Many scholarship and fellowship databases claim to be the largest and most comprehensive. The numbers they publicize often overstate the actual number and value of the private scholarships and fellowships listed in the award database. The size of the database doesn’t matter so much as the number of relevant scholarships and fellowships that match the student’s background, which is typically 50 to 100 for a high school senior in early fall.
Notwithstanding all the exaggerations, just how many scholarships and fellowships are there?
The National Postsecondary Student Aid Study (NPSAS) is a very large, statistically significant survey of undergraduate and graduate students about how they paid for school. It is conducted every four years. The 2011-2012 NPSAS surveyed approximately 95,000 undergraduate students and 16,000 graduate students. The NPSAS includes a variable, PRIVAID, which measures the total amount of private scholarships and fellowships received by the students and used to pay for school. This variable may be used to determine an estimate of the total number of private scholarship and fellowship recipients and total amount of private scholarship and fellowship funding.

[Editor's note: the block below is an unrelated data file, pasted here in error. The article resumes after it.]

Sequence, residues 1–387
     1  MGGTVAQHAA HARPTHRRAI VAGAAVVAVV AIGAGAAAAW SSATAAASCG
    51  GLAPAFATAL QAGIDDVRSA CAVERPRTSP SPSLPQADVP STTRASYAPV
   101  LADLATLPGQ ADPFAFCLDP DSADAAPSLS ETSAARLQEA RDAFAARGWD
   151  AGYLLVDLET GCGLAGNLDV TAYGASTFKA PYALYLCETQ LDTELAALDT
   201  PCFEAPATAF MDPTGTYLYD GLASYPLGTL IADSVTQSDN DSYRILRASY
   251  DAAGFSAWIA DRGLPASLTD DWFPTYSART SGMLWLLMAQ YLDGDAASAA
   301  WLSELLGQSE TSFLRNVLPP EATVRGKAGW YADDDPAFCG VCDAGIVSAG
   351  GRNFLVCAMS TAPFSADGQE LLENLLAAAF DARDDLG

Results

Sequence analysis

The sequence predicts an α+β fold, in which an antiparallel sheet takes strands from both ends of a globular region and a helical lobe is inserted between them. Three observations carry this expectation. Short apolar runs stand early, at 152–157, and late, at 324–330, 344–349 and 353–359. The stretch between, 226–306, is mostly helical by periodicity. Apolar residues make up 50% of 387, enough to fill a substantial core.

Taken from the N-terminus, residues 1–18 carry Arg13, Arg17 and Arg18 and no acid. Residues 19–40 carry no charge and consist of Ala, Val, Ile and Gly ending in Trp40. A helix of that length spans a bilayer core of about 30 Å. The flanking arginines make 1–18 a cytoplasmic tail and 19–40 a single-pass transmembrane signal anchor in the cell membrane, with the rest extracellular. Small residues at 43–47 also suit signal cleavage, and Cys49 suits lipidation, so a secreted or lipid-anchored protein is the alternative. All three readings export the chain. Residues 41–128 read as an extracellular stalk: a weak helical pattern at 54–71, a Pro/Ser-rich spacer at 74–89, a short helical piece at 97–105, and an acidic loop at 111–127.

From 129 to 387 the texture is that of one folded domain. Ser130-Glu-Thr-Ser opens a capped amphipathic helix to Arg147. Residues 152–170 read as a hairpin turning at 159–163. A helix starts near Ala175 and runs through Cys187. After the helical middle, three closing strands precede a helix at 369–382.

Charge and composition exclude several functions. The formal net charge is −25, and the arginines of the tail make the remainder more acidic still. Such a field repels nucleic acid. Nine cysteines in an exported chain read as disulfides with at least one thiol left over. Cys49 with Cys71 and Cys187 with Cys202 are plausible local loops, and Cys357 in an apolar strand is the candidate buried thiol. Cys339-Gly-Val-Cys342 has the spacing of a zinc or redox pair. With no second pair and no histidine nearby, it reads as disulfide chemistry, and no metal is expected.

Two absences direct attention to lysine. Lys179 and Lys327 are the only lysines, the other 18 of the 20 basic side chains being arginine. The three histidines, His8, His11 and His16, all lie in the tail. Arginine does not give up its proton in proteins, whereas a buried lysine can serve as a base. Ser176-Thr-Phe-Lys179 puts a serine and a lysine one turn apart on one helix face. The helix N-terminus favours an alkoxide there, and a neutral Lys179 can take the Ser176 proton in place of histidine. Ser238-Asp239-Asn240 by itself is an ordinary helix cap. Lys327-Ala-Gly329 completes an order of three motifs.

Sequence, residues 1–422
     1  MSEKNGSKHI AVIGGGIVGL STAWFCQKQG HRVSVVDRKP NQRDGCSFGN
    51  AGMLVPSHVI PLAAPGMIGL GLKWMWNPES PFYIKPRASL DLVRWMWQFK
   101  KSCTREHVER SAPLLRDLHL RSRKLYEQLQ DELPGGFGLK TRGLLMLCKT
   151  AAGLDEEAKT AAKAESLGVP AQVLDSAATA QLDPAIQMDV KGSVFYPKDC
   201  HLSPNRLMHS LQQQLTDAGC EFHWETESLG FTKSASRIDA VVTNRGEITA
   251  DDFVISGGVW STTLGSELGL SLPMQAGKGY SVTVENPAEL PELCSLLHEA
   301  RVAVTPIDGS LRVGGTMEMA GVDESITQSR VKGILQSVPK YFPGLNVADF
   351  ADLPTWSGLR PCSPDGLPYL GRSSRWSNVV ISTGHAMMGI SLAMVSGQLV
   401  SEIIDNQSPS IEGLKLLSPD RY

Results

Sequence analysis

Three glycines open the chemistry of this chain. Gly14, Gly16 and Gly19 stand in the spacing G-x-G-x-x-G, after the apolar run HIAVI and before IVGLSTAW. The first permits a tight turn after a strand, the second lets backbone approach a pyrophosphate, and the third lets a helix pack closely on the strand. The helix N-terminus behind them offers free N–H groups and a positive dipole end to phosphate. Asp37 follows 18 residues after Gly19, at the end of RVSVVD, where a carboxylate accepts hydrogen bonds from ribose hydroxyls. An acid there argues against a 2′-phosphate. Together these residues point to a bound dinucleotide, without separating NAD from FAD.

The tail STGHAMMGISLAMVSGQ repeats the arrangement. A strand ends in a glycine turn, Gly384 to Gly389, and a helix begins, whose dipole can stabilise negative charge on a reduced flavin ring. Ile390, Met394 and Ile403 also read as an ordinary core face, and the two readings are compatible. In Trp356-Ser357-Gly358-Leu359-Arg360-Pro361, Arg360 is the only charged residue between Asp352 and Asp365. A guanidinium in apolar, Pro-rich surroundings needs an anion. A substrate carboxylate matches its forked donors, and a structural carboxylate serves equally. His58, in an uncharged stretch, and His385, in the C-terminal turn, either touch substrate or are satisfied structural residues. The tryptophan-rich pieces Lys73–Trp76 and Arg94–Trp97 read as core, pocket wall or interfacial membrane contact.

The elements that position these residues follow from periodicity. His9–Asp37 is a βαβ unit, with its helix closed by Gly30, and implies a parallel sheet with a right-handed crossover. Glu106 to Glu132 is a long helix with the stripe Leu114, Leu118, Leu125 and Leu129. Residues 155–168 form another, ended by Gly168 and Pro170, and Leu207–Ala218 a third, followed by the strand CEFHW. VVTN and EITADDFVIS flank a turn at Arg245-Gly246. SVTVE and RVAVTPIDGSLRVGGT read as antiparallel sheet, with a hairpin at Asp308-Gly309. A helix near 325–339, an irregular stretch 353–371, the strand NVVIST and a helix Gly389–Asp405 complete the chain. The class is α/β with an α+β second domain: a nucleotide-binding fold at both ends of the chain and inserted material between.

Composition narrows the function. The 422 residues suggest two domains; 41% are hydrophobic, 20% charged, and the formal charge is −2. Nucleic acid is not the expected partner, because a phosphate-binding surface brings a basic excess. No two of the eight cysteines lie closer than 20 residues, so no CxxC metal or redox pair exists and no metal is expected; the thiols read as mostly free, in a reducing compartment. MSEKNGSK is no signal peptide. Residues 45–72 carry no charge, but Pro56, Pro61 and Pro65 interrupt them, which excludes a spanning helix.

The odds of receiving a scholarship depend on the academic degree level. This table is based on the 2011-2012 NPSAS.
Of undergraduate students in Bachelor's degree programs in 2011-2012, very few get a "free ride." For example, 0.6% get enough scholarships and grants to cover 100% of the cost of attendance, 1.6% get enough scholarships and grants to cover 90% or more of the cost of attendance, 4.1% get enough to cover 75% or more of the cost of attendance and 13.7% get enough to cover 50% or more of the cost of attendance.